DanBlankMy name is Dan Blank, and I help writers build their platforms, and work with publishers to grow their online communities. I have worked with hundreds of writers to help them develop the skills they need to build and engage their audiences. I have taught courses for Writer’s Digest and Mediabistro, and spoken at many of the major publishing and writing conferences. For my full background, please check out my bio and LinkedIn profile.

Brands I have worked with:

Events I have spoken at:

The Dirty Secret of Author Platform (Hint: It’s Difficult)

My friend Jane Friedman shared a blog post encouraging newer fiction writers to forgo the idea of developing an author platform, in favor of focusing exclusively on the craft of writing.

One writer immediately responded by saying “hallelujah!” So today I want to talk about three things:

  • Why Jane is right. But why she may be misinterpreted.
  • Why writers are scared of the idea of author platform.
  • Why a platform is critical to your success.

Okay, let’s dig in…

Why Jane is right about author platform, but why she may be misinterpreted.
Jane is not saying author platform is unimportant, but rather, she is saying that the conversation around it needs to be elevated. This is a topic for serious authors who are ready to make a commitment to their writing career and establishing connections with readers. For those who are struggling to even find the time and focus to even write, it may be premature to fill up their days Tweeting and blogging.

I feel that Jane may be misinterpreted because authors are frustrated with all that is on their plate. If you only care about the sound byte of “author platform is dead,” then you are only doing yourself a disservice as a writer. You, as a writer, are not off the hook for understanding and developing your audience.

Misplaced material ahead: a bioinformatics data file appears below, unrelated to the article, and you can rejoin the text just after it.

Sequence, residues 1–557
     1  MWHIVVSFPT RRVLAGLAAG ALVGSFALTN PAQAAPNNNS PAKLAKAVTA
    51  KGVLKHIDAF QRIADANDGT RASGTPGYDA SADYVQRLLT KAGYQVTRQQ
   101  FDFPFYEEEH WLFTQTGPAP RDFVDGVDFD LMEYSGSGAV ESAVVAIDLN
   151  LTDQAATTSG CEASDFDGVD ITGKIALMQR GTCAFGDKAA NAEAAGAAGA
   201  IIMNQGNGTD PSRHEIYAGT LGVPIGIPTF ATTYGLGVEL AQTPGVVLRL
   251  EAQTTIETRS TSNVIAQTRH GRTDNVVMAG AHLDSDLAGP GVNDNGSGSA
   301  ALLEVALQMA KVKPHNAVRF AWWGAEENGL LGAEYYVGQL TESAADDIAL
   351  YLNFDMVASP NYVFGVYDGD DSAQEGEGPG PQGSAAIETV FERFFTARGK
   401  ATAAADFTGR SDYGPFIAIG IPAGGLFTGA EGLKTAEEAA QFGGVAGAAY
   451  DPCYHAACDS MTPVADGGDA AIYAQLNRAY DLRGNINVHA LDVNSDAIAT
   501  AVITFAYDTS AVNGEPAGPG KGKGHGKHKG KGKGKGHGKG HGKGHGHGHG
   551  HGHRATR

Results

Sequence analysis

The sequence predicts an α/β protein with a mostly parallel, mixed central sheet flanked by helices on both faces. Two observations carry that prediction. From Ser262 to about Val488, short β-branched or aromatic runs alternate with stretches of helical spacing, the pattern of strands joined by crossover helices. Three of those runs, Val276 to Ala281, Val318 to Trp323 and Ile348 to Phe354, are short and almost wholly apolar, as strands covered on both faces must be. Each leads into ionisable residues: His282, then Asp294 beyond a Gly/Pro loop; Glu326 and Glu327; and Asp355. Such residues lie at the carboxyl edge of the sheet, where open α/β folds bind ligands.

What I find again and again is that many writers are unable to tell an agent, a publisher, or even a friend the following:

  • What their comps are – what other books published in the past five years are like theirs.
  • What genre or topic the book would be categorized on a bookshelf at a store, or on Amazon.
  • Anything about readers beyond vague demographics. Instead of describing what their ideal audience already reads, and why, they opt for broad descriptions of who they hope their audience is. EG: “women between the ages of 13 and 65.” If you think your audience is potentially everyone, then you will not be able to take meaningful steps to actually reach anyone.

Even these three basic elements of describing one’s book stump many writers. And they are inherently tied to author platform – to helping others understand how your book fits into the world.

Why many writers resist the idea of author platform.
Let’s face it: writers are busy. They are likely juggling:

  • Their writing time
  • A day job
  • A family
  • Managing a home
  • Hobbies
  • Other responsibilities to their friends, community and personal life
  • The publishing process

Also, there is an emotional component to writing that Joanna Penn recently discussed on her blog: On Writing And The Fear Of Judgment.

So when the topic of author platform comes up, this is often the straw that broke the camel’s back (sorry for making the writer a camel in this metaphor.) And I have a great deal of empathy for that. My days are spent working with writers, and have have helped hundreds of writers find their audience. I live in the trenches with them, and don’t glamorize what it means to be a writer.

Because they are overwhelmed, many writers simplify the concept of author platform to mean surface level tactics such as Tweeting, or Pinning or spamming people on email.

This is an incorrect view of what author platform really is.